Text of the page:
The University of Southern Maine Center for Sexualities and Gender Diversity invites you to join them to march in the Portland Pride parade on Saturday, June 16th. All current and former USM students, alumni, staff, faculty, and supporters are welcome to join! Line up will be at 11:00 a.m. and the parade begins in Monument Square at 12:00 noon, ending at Deering Oaks Park where festivities will continue until 5:00 pm.
Comment on their Facebook event with ideas for banners or signs, or how to decorate truck!
Kick off Portland Pride week at “Bar Stories” on June 9th, 7:00 p.m. to 10:00 p.m., at One Longfellow Square. This free event features a 45-minute film created by the LGBTQ Maine Oral History Project (filmmaker Betsy Carson). The LGBTQ+ Collection, at The Sampson Center for Diversity in Maine, includes important papers, photographs, and other artifacts representing four decades of LGBTQ activism, culture, and commerce in the Southern Maine region. The "Querying the Past: LGBTQ Maine Oral History Project" is intended to add an additional dimension to the Collection by collecting and preserving the voices and stories of members of the Southern Maine LGBTQ community. The oral histories are available to the public in an effort to enrich understanding of the community and will serve as an important resource for scholars working on LGBTQ history.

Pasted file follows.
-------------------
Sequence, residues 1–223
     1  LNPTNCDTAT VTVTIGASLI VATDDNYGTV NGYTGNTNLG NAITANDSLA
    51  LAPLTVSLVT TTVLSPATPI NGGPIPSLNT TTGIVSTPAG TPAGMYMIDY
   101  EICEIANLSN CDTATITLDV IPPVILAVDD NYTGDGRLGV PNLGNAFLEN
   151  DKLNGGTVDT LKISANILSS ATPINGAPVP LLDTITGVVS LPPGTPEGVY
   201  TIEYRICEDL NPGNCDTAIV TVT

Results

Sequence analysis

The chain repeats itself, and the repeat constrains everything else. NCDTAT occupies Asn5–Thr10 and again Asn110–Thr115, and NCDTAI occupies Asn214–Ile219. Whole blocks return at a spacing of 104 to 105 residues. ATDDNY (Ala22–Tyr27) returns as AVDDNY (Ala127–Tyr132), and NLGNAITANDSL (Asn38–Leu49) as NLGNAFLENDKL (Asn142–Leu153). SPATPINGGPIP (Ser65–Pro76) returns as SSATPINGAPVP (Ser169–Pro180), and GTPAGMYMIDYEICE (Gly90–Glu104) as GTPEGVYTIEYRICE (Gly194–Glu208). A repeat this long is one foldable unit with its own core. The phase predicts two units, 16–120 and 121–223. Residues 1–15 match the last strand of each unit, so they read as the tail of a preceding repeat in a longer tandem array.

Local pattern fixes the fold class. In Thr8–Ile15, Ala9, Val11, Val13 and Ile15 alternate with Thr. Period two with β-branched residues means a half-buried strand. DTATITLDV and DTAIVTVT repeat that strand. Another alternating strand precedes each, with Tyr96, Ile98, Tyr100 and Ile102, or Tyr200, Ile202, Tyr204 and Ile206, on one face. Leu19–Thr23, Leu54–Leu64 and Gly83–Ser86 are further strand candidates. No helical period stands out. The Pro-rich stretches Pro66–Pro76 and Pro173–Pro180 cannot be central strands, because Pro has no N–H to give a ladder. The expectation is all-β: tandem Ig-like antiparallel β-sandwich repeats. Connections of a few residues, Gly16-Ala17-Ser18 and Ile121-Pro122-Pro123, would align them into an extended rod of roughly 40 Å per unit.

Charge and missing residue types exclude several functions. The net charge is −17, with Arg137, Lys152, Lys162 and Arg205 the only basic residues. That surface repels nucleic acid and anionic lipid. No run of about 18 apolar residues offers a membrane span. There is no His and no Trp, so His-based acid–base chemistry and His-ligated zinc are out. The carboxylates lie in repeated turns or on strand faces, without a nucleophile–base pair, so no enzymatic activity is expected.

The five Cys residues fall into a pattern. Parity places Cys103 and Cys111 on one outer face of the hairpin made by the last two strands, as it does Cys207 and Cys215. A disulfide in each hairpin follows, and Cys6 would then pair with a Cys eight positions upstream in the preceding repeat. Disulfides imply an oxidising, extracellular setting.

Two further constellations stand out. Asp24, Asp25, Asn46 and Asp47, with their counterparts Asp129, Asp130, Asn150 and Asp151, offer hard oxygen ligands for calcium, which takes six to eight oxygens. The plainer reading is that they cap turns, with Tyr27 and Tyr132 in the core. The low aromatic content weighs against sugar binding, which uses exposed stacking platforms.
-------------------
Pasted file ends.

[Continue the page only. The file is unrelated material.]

This event will also include “Eulogy for the Dyke Bar” (filmmaker Isabel Farrington), a 10-minute film about the installation piece by artist Macon Reed coming this Fall to the USM AREA Gallery, on the Portland Campus.
On Saturday, June 16th, after the Pride Parade, catch a combination re-enactment of the 1983 musical “Gay Side Story” and community discussion, 4:30 p.m. to 6:00 p.m., at Talbot Lecture Hall, Luther Bonney Hall (86 Bedford St.). The event is free and open to the public, but donations are encouraged. Funds raised will support USM’s LGBTQ+ Collection, the most extensive collection of primary material documenting the history of the Maine community.
The event will feature material from the original production, part of the Maine Gay Symposium X, and revisit why this performance was important then and how it provides lessons in facing today’s challenges. It was a pivotal moment bringing together a core of activists, including Dale McCormick, Bob Carr, and Diane Elze, who would go one to confront the AIDS crisis and organize in response to the tragic murder of Charlie Howard the subsequent year, sparking the founding of the Maine Lesbian Gay Political Alliance, now known as Equality Maine.